Election 2012
5:06 pm
Fri March 16, 2012

Buying A Political Ad? Let A SuperPAC Foot The Bill

There has been one constant throughout the GOP campaign — Mitt Romney and the superPAC that supports him have vastly outspent his rivals.

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Economy
4:51 pm
Fri March 16, 2012

The Market's Finally Looking Up: Will It Last?

Trader Peter Tuchman reacts on the floor of the New York Stock Exchange on March 13. That same day, the Dow Jones industrial average had its highest close since 2007.
Richard Drew AP

Originally published on Fri March 16, 2012 11:03 pm

The stock market hit some major milestones this week: The Standard & Poor's 500 index reached its highest level in more than three years, the Dow Jones industrial average settled in above 13,000 — up about 24 percent since early October — and the Nasdaq rose to its highest level in 11 years. Still, the Federal Reserve has been warning not to get too excited about where the economy is headed next.

David Kotok, chairman and chief investment officer at Cumberland Advisors, says there are a bunch of reason for stocks to be rising.

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The Two-Way
4:33 pm
Fri March 16, 2012

Egyptians Rally In Cairo To Protest Acquittal Over 'Virginity Tests'

An Egyptian woman shouts anti-military Supreme Council slogans during a demonstration in front of Cairo's high court on Friday.
Amr Nabil AP

Hundreds of Egyptians rallied in Cairo today to protest the recent acquittal of a military doctor charged with forcing "virginity tests" on female activists.

The AP reports:

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World Cafe
4:11 pm
Fri March 16, 2012

Sense Of Place: Natives Shed Light On Portland

Typhoon is an up-and-coming Portland collective known for its particular orchestration.
Courtesy of the artist

Originally published on Mon September 10, 2012 1:32 pm

This World Cafe segment completes our Sense of Place Portland series, and the focus is on what Portland, Ore. — a city brimming with culture, coffee and bands — has been like for the musicians who settle there.

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Three Books...
4:05 pm
Fri March 16, 2012

Pioneers Of The Sky: 3 Books That Take Flight

AFP/Getty Images

Originally published on Sat March 17, 2012 6:44 am

Today, flying is like riding a bus. But it wasn't always that way. Vaulted from the sands of Kitty Hawk and freed from military exigencies by the end of World War I, aviation soared into the 1920s and '30s on a direct course to tomorrow. Here are three flyers who not only helped open the skies, but also brought literary gems back from the cutting edge of progress, from a time when flying was the most exciting thing in the world.

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It's All Politics
3:55 pm
Fri March 16, 2012

Obama Spreads (Tele)Phony Story About Long-Dead President

President Rutherford B. Hayes actually was a big fan of the telephone, despite President Obama's assertion otherwise.
AP

Poor Rutherford B. Hayes. It wasn't bad enough that the 19th president, a Republican, was called "His Fraudulency" by Democrats during his one term in office (1877-1881) because of the unusual circumstances of how he "won."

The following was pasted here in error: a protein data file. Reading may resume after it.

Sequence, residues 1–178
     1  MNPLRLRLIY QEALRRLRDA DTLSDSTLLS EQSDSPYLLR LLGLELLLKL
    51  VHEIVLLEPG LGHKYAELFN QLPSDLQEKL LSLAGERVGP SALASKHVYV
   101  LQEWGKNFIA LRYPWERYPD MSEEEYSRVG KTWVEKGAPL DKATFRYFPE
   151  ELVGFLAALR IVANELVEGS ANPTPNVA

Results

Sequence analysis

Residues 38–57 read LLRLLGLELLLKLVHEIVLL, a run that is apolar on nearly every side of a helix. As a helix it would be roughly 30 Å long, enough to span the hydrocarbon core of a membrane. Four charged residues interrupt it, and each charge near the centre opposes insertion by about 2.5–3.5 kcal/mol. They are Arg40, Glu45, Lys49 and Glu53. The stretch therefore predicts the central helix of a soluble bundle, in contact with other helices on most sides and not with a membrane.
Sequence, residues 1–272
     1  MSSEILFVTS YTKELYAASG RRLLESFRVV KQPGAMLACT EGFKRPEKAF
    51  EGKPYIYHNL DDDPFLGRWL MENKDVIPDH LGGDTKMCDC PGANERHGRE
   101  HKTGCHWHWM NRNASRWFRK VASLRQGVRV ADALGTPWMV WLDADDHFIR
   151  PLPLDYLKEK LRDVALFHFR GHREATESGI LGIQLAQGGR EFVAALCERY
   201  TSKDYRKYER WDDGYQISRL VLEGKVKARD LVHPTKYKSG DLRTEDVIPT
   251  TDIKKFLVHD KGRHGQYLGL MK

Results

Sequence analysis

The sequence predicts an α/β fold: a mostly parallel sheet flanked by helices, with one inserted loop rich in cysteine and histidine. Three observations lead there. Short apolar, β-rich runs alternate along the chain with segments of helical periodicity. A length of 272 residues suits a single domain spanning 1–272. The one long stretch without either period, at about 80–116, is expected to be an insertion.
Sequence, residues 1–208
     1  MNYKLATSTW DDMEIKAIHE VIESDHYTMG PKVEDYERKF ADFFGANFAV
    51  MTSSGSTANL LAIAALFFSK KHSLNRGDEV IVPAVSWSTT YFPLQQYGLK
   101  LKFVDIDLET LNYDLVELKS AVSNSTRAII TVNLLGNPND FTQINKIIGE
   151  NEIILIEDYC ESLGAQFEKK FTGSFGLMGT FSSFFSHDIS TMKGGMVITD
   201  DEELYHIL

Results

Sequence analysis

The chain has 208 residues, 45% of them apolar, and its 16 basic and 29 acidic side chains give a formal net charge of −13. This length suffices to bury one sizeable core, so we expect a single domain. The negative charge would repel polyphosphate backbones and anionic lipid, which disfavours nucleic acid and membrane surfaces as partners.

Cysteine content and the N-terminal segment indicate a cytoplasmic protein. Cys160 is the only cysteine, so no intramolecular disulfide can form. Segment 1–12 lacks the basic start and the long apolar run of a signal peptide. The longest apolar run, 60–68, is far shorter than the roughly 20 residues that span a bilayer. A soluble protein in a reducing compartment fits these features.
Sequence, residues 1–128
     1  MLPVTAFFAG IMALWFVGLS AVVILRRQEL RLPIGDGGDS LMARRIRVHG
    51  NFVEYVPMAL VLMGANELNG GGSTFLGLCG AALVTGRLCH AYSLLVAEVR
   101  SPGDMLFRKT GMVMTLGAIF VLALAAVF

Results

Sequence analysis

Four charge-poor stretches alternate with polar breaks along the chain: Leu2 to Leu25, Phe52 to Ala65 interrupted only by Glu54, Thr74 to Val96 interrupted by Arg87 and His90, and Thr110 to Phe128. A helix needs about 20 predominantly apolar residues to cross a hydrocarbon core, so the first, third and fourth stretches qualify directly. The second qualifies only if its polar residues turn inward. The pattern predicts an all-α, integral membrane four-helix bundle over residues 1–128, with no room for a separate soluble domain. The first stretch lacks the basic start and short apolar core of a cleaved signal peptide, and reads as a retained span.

Now, the current occupant of the White House, President Obama, was spreading a most assuredly inaccurate story, according to experts, about Hayes' reaction to an early telephone.

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The Salt
3:02 pm
Fri March 16, 2012

Drunk On Biology For St. Patrick's Day

Adam Cole NPR

Originally published on Sat March 17, 2012 8:15 am

Have you ever wondered what would happen if Louis Pasteur joined The Clancy Brothers? Or if The Chieftains were more nerdy and less talented? Well, wonder no longer!

I wrote this song about the science of beer last year and the folks at The Salt asked me to dust it off in celebration of St. Patrick's Day.

In a vaguely Irish style, the song salutes that hero of beer production, the yeast Saccharomyces cerevisiae, and explains the biochemistry of inebriation.

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Afghanistan
3:00 pm
Fri March 16, 2012

Soldier Accused Of Killing 16 Afghans Headed To U.S.

Transcript

MELISSA BLOCK, HOST:

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Theater
3:00 pm
Fri March 16, 2012

'Edith Can Shoot' Centers On Precocious Young Girl

Isabella Dawis plays the protective 12-year-old Edith in the Mu Performing Arts production of Edith Can Shoot Things and Hit Them, by Rey Pamatmat.
Michal Daniel Mu Performing Arts

Edith is "too old to be talking to a stuffed frog and too young to be carrying a gun."

That's how Rey Pamatmat describes the main character — who carries both items — in his play Edith Can Shoot Things and Hit Them.

Pamatmat's play premiered at the prestigious Humana Festival of New American Plays in Louisville, Kentucky last year. Since then, it's been playing at regional theaters around the country.

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NPR Story
3:00 pm
Fri March 16, 2012

'This American Life' Retracts Apple Story

Originally published on Fri March 16, 2012 11:03 pm

Transcript

MELISSA BLOCK, HOST:

The public radio show THIS AMERICAN LIFE has retracted a lengthy story it ran in January. The report painted an ugly picture of working conditions at Chinese factories where they manufacture iPhones and iPads. The story focused on a monologue told by performer and activist Mike Daisey about his interviews with factory workers. NPR's media correspondent David Folkenflik joins me now. And, David, this was THIS AMERICAN LIFE's most popular podcast. How are they explaining their decision to retract the story?

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